The Taliban insurgent who set off the bomb that struck a minibus killing 8, was captured by local residents
A Taliban bomb killed eight people and wounded five on Tuesday when it struck a minibus on the outskirts of Kabul, police said, amid growing unrest in areas neighbouring the Afghan capital.
NATO's International Security Assistance Force, which has 130,000 US-led troops in Afghanistan, has noted a spike in attacks countrywide in recent months, since the start of the insurgents' annual summer offensive.
June saw the highest number of attacks in nearly two years, with more than 100 assaults a day across the country, including firefights and roadside bombings, the coalition said.
"A remote-controlled mine struck a civilian minibus in Paghman district around 5:00 am today, killing eight people and injuring five," Kabul police chief General Ayoub Salangi told AFP.
The man who set off the bomb had been captured with the cooperation of local residents, Salangi said, describing him as a member of the hardline Islamist Taliban waging an insurgency against the Afghan government.
"The local people arrested the mine planter and have badly beaten him," interior ministry spokesman Sediq Sediqqi told AFP.
"People caught him while he still had the remote detonator in his hand."
All the dead were men, Salangi said, apparently on their way to work from what had been a usually peaceful area on the western outskirts of the city.
But in the same district in late June, militants armed with guns and rockets attacked a popular lakeside hotel killing at least 18 people.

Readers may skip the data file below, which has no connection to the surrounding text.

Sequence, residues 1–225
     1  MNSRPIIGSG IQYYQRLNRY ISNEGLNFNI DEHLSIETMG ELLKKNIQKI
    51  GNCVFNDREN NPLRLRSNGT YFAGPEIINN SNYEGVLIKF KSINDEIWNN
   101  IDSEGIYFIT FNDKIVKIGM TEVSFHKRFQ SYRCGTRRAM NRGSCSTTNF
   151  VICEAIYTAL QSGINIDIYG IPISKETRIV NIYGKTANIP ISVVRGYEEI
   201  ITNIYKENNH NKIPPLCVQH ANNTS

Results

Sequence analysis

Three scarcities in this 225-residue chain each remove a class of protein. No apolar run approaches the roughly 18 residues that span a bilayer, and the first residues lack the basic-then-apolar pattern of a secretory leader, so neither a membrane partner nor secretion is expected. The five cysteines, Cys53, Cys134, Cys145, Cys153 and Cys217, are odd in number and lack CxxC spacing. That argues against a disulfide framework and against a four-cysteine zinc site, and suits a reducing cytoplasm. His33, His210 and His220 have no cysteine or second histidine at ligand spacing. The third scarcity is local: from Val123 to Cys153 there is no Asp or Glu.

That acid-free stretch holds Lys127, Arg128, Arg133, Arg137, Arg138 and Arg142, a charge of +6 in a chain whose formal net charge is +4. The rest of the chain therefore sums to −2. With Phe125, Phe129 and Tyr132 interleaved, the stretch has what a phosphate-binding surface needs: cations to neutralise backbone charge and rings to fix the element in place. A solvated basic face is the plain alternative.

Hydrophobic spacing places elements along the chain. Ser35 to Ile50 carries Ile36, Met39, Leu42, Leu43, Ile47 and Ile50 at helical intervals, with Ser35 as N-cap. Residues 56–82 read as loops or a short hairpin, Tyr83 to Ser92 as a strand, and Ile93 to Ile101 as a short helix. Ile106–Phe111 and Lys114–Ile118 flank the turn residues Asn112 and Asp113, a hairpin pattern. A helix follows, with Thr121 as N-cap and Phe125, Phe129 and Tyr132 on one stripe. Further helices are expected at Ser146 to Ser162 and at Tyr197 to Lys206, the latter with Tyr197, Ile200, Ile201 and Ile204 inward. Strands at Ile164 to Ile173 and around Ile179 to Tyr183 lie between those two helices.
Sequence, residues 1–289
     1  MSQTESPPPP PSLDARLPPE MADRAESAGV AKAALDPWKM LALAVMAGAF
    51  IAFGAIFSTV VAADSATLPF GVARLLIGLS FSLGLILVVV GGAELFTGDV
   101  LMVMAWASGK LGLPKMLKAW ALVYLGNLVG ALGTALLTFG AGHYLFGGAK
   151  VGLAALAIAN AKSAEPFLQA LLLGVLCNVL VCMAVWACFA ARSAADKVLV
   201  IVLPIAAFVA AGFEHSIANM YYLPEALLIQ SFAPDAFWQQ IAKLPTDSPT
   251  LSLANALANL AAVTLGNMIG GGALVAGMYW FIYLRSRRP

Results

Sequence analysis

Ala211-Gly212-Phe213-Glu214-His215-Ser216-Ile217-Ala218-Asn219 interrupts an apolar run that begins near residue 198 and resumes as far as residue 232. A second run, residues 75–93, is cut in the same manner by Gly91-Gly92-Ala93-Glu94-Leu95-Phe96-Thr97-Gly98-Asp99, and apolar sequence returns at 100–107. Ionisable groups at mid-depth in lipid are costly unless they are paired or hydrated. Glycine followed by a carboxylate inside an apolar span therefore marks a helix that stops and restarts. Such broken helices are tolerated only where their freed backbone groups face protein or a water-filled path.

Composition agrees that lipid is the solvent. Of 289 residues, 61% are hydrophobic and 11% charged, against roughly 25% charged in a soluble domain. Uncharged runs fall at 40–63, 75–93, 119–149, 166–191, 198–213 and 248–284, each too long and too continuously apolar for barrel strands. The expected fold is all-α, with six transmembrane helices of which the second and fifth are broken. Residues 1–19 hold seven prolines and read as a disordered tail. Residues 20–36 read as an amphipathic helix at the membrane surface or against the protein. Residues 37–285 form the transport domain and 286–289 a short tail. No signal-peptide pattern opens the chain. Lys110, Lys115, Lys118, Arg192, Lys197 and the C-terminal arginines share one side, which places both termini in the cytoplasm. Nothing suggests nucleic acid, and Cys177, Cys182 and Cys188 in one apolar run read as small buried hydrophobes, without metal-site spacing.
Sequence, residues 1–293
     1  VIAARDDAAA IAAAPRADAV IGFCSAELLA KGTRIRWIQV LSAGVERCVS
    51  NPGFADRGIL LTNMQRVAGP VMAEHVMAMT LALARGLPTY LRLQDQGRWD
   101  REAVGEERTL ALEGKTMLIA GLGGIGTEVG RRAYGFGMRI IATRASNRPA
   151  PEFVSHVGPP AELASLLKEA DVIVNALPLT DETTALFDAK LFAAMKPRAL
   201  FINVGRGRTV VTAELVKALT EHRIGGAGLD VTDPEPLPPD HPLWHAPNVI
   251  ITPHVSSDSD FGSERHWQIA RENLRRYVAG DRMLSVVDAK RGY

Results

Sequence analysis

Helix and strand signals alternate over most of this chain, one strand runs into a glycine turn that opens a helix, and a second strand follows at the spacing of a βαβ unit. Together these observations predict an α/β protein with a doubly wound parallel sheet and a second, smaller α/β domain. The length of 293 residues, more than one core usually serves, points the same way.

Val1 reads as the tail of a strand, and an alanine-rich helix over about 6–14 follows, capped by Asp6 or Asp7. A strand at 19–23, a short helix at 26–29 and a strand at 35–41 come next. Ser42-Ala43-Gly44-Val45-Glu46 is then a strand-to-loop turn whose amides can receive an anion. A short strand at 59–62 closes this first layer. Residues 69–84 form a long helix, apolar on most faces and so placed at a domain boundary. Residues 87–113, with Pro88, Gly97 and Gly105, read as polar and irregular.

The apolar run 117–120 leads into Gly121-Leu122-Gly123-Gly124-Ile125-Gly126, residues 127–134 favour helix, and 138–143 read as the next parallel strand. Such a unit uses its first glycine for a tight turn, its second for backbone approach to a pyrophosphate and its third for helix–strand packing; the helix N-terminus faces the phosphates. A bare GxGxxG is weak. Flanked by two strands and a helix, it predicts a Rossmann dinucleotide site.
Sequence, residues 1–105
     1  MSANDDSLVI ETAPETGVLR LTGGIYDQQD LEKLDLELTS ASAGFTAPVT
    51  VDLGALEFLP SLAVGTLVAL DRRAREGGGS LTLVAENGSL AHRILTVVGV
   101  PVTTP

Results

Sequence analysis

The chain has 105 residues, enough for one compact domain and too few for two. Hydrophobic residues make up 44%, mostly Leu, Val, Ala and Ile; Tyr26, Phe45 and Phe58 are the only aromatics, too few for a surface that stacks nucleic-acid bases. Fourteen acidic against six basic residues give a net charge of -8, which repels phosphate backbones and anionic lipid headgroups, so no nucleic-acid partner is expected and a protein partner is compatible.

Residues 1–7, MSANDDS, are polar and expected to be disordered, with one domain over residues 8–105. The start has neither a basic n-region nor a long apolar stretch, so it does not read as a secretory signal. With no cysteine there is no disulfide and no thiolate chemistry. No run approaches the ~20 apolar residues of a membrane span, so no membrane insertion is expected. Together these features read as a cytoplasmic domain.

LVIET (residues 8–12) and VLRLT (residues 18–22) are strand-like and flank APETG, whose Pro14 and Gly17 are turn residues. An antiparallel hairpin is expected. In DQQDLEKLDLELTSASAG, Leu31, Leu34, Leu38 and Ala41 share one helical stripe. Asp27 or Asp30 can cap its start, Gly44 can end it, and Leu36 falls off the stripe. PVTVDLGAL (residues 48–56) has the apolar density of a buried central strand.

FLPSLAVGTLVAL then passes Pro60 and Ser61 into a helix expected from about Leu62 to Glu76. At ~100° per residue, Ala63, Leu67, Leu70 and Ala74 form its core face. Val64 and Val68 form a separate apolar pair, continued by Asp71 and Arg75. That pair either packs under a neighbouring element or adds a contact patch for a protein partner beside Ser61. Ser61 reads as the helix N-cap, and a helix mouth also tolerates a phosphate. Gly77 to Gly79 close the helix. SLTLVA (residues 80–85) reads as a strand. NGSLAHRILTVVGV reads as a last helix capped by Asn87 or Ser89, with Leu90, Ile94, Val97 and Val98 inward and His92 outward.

For the past five years the number of civilians killed in the war has risen steadily, reaching a record 3,021 in 2011, with the vast majority of the deaths blamed on insurgents, according to UN figures.
Last week, Afghan officials said five insurgents were killed in a pre-dawn gunbattle in Kabul, claiming to have foiled a major attack on an area home to Western embassies.
Three vehicles loaded with explosives were seized, along with suicide vests, rockets, hand grenades and machine-guns, officials said, with the militants planning to seize a tall building from which to fire on their targets.
The scale of the preparations and the targets suggested an attempt at an assault along the lines of the biggest coordinated attack on the capital in 10 years of war, which occurred on April 15 this year.
Then, three squads of suicide attackers took up positions in high buildings and fired on government offices, embassies and military bases. Seventeen hours of fighting left 51 dead, including 36 attackers.
The latest attack will add to growing concerns over the country's future once NATO troops withdraw as planned by the end of 2014, handing responsibility for security to Afghan forces.
Western politicians keen to get their troops out of an increasingly unpopular war regularly talk up the ability of the Afghan army and police to cope on their own, but there is widespread fear of a multi-factional civil war once they leave.